Truss says no to spending cuts. Here’s the caveat

The mini-Budget was a spending spree. The ‘medium-term fiscal plan’ was meant to explain the funding. But what exactly is going to be in it?  Liz Truss and Kwasi Kwarteng were thought to have (finally) come to terms with the need to address the need for some restraint, after their mini-Budget led to market chaos which is yet to settle. Their fiscal statement – in other words, how they would fund their tax cuts – was moved forward by almost a month, to 31 October. Its contents were thought to include some major spending cuts, in a bid to convince markets that fiscal discipline still guides the Tory party. If there are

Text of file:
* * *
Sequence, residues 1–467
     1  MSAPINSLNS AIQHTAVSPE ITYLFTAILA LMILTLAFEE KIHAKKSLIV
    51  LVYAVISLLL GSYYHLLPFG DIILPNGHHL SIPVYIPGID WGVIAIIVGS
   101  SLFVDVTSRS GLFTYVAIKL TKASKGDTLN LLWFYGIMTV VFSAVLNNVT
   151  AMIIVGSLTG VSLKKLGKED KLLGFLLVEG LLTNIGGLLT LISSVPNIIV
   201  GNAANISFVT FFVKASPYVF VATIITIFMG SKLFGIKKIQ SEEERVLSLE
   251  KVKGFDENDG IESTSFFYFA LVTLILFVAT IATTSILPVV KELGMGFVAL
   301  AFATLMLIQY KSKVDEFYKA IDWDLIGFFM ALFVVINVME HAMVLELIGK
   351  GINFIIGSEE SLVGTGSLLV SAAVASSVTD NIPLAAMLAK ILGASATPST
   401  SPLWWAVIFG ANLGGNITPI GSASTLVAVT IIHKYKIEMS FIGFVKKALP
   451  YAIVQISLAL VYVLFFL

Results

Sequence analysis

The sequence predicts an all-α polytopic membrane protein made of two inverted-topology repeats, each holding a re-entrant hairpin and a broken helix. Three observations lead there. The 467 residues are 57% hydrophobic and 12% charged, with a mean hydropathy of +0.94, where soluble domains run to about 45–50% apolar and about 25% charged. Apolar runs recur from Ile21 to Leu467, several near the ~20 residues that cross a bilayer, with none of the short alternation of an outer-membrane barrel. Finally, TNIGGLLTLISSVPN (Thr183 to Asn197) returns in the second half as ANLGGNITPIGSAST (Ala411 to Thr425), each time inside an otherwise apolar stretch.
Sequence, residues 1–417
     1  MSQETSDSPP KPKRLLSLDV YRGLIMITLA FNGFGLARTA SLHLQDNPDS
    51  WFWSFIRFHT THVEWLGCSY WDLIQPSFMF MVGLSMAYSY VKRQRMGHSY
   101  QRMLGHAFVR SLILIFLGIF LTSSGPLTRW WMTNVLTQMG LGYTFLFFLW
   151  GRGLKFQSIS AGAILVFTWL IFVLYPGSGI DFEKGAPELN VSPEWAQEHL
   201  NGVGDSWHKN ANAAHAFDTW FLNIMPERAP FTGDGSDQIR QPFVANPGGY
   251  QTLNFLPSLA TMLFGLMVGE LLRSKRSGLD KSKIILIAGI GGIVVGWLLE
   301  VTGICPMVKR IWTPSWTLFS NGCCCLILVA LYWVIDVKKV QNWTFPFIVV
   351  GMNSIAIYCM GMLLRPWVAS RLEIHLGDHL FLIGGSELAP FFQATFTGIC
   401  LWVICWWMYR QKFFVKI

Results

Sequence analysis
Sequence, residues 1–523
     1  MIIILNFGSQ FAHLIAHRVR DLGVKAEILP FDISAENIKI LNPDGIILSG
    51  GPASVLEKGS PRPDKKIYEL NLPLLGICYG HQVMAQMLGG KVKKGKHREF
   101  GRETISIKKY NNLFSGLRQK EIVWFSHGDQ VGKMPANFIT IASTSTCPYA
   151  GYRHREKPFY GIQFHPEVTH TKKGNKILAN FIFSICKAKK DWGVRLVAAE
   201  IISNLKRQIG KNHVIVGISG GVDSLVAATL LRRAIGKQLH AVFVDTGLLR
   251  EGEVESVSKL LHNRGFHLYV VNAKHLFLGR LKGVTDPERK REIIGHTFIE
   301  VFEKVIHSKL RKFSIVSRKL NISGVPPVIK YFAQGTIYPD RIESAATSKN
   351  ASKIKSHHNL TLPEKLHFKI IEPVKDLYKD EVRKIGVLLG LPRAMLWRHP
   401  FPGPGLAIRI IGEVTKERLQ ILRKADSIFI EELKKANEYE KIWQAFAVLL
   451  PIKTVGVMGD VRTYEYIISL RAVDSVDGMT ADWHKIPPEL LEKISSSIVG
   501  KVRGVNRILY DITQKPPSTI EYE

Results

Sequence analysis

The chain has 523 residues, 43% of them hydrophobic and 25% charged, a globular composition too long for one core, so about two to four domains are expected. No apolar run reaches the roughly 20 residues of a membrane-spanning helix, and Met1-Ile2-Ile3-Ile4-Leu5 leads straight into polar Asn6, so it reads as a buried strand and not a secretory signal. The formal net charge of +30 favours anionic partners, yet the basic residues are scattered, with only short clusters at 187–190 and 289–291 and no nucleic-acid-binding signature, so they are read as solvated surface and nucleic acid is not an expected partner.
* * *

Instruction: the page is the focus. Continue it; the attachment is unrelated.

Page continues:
Are the markets scared of Liz Truss?

Look at the chart for interest rate expectations in isolation, and you might come to the conclusion that Rishi Sunak is right about Liz Truss’s fiscal policies. In June, markets were expecting rates to peak at around 3.5 per cent next year; now they are expecting them to reach close to 4.5 per cent. Moreover, as Truss’s victory came to be seen as inevitable, the FTSE 100 plunged from 7,550 on 19 August to 7,230 this morning – a fall of 4.2 per cent. The pound has fallen from $1.22 on 10 August to $1.15 now. Markets could be forgiven some apprehension But hang on a minute. Markets have been